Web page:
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A response to ‘Elections without consequence’

Late last night, The Daily Princetonian Editorial Board released an editorial in which it broke with tradition and decided not to endorse any specific candidate in the Undergraduate Student Government presidential election. By citing the relative similarity of the candidates’ platforms and the number of uncontested elections, the Board argues that this year’s USG winter elections are “without consequence.”

While I think the Board raises legitimate concerns about the lack of policy-related discourse publicly available during this election cycle, I cannot fully support the notion that these elections are inconsequential, or lacking in valid policy disagreements. As a USG class senator and the unopposed candidate for USG treasurer, I see important differences not only in the presidential platforms, but also in the prior experiences and motivations that each candidate would bring to office.

First, I would like to respond to the notion that the three candidates’ each running with solid, well-developed platforms makes the election inconsequential. I believe that having three presidential candidates with “beneficial” ideas is rather a strength for the election as a whole. Instead of arguing over website domains and late meal debates, the 2018 candidates have publicized different platforms, each with a completely unique focus. While the major goal of Electra Frelinghuysen ’20 as USG president would be to improve Career Services and the recruiting process, Zarnab Virk ’20 focuses on being a champion for independent students and people of color, and Nate Lambert ’20 offers a platform centered around preventing sexual misconduct, providing free menstrual products, and combating campus isolation. Many of these issues overlap within the three platforms; however, they each clearly define what the candidate’s major goals will be as president, and these goals are the ones most likely to be achieved in office. 

That being said, there are also substantive disagreements that the candidates have with one another. For example, one of Virk’s campaign goals is to establish a credit program with Uber or Lyft to give students credits to get free rides to stores and restaurants in the Princeton area — a program similar to one already in place at Johns Hopkins University. On the contrary, at the presidential debate (where I was one of the 15 people present), Lambert disagreed with Virk’s plan, arguing that USG should not partner with a private company, and instead suggested that the Saturday and Sunday Shopper should have extended times and drop-off locations to better support independent students.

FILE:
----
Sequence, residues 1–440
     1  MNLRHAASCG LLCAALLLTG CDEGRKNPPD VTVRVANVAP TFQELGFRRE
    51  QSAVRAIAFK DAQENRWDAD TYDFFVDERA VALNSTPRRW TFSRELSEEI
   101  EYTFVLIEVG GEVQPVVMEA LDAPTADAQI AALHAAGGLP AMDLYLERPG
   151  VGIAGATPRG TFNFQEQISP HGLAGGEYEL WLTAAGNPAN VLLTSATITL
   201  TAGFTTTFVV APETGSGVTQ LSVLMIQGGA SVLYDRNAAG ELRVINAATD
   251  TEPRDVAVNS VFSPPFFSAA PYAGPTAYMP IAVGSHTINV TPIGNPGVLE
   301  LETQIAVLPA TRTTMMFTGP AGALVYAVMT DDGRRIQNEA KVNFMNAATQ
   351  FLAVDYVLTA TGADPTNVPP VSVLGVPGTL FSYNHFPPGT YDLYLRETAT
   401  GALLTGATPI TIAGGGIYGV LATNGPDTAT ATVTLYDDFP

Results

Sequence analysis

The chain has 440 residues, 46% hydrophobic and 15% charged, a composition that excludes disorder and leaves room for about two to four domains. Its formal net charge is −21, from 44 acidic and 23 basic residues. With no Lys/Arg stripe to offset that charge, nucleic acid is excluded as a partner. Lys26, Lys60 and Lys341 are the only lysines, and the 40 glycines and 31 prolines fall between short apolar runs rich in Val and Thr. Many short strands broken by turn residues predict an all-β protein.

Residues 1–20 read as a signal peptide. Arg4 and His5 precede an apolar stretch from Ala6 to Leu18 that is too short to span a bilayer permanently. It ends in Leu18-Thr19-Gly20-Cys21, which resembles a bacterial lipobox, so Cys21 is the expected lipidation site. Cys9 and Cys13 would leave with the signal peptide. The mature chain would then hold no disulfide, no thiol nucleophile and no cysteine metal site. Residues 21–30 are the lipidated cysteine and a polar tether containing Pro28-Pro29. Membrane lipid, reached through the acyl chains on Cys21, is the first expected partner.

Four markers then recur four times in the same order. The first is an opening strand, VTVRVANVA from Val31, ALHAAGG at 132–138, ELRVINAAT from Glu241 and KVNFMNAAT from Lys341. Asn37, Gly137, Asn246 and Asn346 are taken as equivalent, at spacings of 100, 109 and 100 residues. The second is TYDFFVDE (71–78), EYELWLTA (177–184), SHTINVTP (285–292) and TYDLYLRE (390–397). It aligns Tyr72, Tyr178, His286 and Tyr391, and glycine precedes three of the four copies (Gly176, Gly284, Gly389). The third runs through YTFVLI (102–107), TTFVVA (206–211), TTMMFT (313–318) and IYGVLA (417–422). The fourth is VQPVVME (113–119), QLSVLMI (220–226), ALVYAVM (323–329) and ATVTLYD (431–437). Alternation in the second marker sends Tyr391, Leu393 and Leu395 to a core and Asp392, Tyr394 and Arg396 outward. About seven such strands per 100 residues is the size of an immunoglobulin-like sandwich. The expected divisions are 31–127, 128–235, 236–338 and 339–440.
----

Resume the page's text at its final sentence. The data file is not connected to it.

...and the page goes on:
On the issue of first-year advising, Lambert and Virk fundamentally disagree. Virk pushes for advisors in the area of study of first-year students, while Lambert argues against this, stating that the administration should “keep advising randomized.”

Another important difference between the candidates is the level of experience that they would bring to office. Understanding the bureaucracy of USG and utilizing opportunities to leverage the administration is the core skill that gives the president influence. Each candidate has a varying level of exposure to USG, and in such a complex organization, experience matters.

Voting in the USG elections is critical because it directly affects the priorities of the incoming administration. For example, this year’s president, Rachel Yee ’19, prioritized mental health initiatives as the top issue for USG and was able to establish Counseling and Psychological Services satellite offices and acquire better mental health resources and training. The president we choose will determine the priority of different issues, broker deals with the administration, and set the tone of the USG senate for the upcoming year. USG needs the student body’s input on what issues should be at the top of the list in meetings with administrators, and we can only get that input when we vote.

While the candidates do overlap on many issues, there is still room to critically interact with their platforms. I believe that the ‘Prince’ Editorial Board is remiss in choosing to not take a stance on these issues, even if they choose not to endorse a candidate. It is still of incredible importance for the student body to vote in this year’s USG presidential election.

Brad Spicher is a junior from Garden City, N.Y., and a photographer for the ‘Prince.’ He is an economics major and sitting class senator on USG. His commentary is his own, and does not constitute an official statement from the USG senate. He can be contacted at

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